"It is my humble opinion that Tolbert Fanning is misrepresented when it is claimed that the Fanning Orphan School and the Nashville Bible School are the outgrowth of his ideas and purposes. He wanted to see industrial schools, and he would have been glad to have set one in motion if he had known how without helping to build another sect. Is it not significant that he individually owned the house in which he worshipped and in which he taught school?"

P. W. Harsh may or may not have properly appraised Fanning's views. It is possible, however, that he did.


This, then, is a brief account of the Fanning Orphan School as it was purposed by Charlotte Fanning and began functioning. That It was a school, not an orphan "home," is evidenced by the reflections of those who spoke on this point in the early years of that institution. That churches paid for services rendered orphan girls and that other girls, not orphans, might attend school there at a regular tuition is evident from the "deed of gift" whereby Charlotte Fanning conveyed her property to the trustees of Fanning Orphan School, as well as from the words of David Lipscomb, Emma Page and others. Even if it could be shown that several churches contributed to Fanning Orphan School, there is still lacking any evidence to show that this was a general practice of churches, much less a universal or scriptural practice!

In later years a few churches made outright donations to the School. That any did so while the School was being established and becoming functional, however, I am compelled to deny in view of the evidence available! I have made a rather detailed search through the 1883 and 1884 volumes of the Gospel Advocate but find no indication of such contributions by churches. Did churches make donations to widows and their needy children in those days? Yes! There is abundant evidence that churches and individuals supported these objects of charity but none that they supported "homes" or "schools" from their treasuries. The churches had treasuries, but they did not divert their funds to the support of purely private enterprises regardless of their "non-profit" or "good works" implications.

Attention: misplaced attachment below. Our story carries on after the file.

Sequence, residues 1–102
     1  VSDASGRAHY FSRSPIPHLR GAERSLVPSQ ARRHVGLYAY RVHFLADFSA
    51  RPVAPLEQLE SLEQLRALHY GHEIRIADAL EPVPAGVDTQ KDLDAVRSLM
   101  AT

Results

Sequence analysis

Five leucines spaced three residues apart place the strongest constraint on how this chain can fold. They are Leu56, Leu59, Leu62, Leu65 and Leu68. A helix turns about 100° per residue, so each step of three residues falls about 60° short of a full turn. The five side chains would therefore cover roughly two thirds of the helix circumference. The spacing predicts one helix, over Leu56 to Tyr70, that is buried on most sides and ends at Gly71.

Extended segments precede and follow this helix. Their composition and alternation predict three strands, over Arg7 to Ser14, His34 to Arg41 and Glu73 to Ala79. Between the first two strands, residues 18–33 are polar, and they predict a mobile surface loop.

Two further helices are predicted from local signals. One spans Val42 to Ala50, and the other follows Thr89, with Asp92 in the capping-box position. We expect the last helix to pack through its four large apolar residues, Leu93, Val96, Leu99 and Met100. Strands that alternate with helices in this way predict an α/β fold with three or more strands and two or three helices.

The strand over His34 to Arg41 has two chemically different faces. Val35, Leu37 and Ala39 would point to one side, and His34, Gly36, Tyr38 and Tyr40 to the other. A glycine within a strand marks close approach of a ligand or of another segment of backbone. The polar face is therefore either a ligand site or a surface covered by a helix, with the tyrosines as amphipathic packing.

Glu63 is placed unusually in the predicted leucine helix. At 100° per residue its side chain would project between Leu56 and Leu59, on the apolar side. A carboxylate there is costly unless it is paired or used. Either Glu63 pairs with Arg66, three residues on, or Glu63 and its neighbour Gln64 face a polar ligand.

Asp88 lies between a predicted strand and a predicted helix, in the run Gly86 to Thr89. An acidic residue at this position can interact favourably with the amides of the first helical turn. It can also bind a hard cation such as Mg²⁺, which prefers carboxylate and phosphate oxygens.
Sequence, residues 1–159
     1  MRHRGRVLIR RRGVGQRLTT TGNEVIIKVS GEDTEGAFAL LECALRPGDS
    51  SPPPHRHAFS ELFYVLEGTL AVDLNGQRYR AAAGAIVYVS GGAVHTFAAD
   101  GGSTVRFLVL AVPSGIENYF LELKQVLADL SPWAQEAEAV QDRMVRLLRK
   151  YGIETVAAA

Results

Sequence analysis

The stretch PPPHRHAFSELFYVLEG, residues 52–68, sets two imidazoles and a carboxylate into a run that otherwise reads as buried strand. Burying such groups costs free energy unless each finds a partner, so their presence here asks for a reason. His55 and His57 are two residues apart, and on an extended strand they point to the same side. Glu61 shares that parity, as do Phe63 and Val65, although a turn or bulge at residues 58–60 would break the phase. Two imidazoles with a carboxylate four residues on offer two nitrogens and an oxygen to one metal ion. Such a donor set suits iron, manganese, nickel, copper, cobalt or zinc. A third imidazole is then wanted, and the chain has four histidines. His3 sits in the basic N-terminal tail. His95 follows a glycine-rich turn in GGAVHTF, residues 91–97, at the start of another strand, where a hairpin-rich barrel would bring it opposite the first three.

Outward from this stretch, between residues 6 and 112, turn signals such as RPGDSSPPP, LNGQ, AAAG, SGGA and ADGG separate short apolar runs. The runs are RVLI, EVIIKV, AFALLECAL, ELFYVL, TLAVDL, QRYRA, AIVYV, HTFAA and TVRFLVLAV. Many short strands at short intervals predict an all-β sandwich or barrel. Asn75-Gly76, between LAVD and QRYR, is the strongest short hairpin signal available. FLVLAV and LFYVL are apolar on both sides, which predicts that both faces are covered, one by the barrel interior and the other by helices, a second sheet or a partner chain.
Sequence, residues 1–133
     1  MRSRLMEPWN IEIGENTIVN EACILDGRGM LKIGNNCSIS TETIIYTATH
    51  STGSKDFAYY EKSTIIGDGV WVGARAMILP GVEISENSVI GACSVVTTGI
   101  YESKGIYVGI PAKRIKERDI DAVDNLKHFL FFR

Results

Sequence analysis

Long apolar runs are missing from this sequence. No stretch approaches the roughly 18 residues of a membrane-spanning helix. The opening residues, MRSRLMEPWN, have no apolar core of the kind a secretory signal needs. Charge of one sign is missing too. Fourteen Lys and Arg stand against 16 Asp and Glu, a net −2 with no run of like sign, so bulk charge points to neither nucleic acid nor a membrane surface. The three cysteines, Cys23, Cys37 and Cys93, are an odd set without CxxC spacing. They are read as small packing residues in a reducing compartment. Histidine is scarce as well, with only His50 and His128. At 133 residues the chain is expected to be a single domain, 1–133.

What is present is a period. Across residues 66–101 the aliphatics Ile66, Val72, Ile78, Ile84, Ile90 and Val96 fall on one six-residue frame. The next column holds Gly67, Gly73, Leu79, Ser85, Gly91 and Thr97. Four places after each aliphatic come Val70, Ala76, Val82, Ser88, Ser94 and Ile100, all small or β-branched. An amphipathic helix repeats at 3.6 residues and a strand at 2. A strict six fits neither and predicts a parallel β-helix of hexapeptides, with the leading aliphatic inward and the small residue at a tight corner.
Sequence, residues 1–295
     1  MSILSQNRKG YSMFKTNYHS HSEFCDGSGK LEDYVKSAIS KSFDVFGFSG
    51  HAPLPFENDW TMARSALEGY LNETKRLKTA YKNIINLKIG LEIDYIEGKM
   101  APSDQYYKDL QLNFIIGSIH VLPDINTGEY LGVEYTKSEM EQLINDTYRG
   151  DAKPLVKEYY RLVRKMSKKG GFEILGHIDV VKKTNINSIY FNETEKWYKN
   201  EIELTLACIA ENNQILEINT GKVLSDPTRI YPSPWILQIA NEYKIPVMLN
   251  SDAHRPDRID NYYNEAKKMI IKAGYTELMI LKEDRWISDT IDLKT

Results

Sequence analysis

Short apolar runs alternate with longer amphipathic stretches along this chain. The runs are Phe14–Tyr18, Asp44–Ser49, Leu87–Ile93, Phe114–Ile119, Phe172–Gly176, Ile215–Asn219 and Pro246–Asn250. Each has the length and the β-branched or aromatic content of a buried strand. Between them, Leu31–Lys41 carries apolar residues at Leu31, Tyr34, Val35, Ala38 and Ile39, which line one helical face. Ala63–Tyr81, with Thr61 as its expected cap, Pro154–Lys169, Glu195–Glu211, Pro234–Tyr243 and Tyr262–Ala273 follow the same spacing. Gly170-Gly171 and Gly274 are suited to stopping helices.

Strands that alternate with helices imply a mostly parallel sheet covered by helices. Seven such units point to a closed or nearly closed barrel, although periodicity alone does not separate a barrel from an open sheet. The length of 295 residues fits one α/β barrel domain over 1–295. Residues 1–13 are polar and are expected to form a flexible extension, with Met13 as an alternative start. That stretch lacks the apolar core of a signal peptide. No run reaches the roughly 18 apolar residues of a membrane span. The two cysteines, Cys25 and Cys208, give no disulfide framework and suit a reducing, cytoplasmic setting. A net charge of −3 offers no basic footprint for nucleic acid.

Kentucky Female Orphan School was properly set forth as a "school" not an "orphan home." It graduated girls and awarded diplomas Fanning Orphan School is properly described as a "school," not an "orphan home." It also awarded diplomas and graduated students. As H. R. Moore pointed out in his "reunion speech," delivered at the 1904 graduation exercises, "the term 'orphan' should be dropped. 'Fanning School' is better and more appropriate."


To summarize at this point we have discovered the following facts:

1. There is a difference between "orphan schools" and "orphan homes"

2. Orphan schools operated by persons connected with the Restoration Movement date back to 1849.

3. The first "orphan home" officially identified as such by persons continuing its support became operative in Louisville, Kentucky, in 1884. It was established by churches identified with the 'Disciples of Christ" (Christian Church).

4. The next benevolence organization was the National Benevolence Association founded by the Disciples of Christ and headquartered in St. Louis, Missouri, in 1886. It became "national" in operation about 1901.

5. The first and oldest orphan "home" currently supported by churches of Christ was Tennessee Orphan Home, chartered in 1909 and formally opened September 5, 1910, approximately fifty years ago.

6. The introduction of missionary societies among the churches brought serious opposition. By the 1880's some churches were dividing and by 1906 there was a separate listing in the Federal Census of "Disciples of Christ" and "Churches of Christ."

7. No churches rejecting missionary societies were making donations to orphan homes of any kind at the time of the 1906 Census, so far as I have been able to ascertain. No orphan homes supported only by churches rejecting missionary societies existed in 1906.

— Glen Arvin Avenue, Temple Terrace, Fla.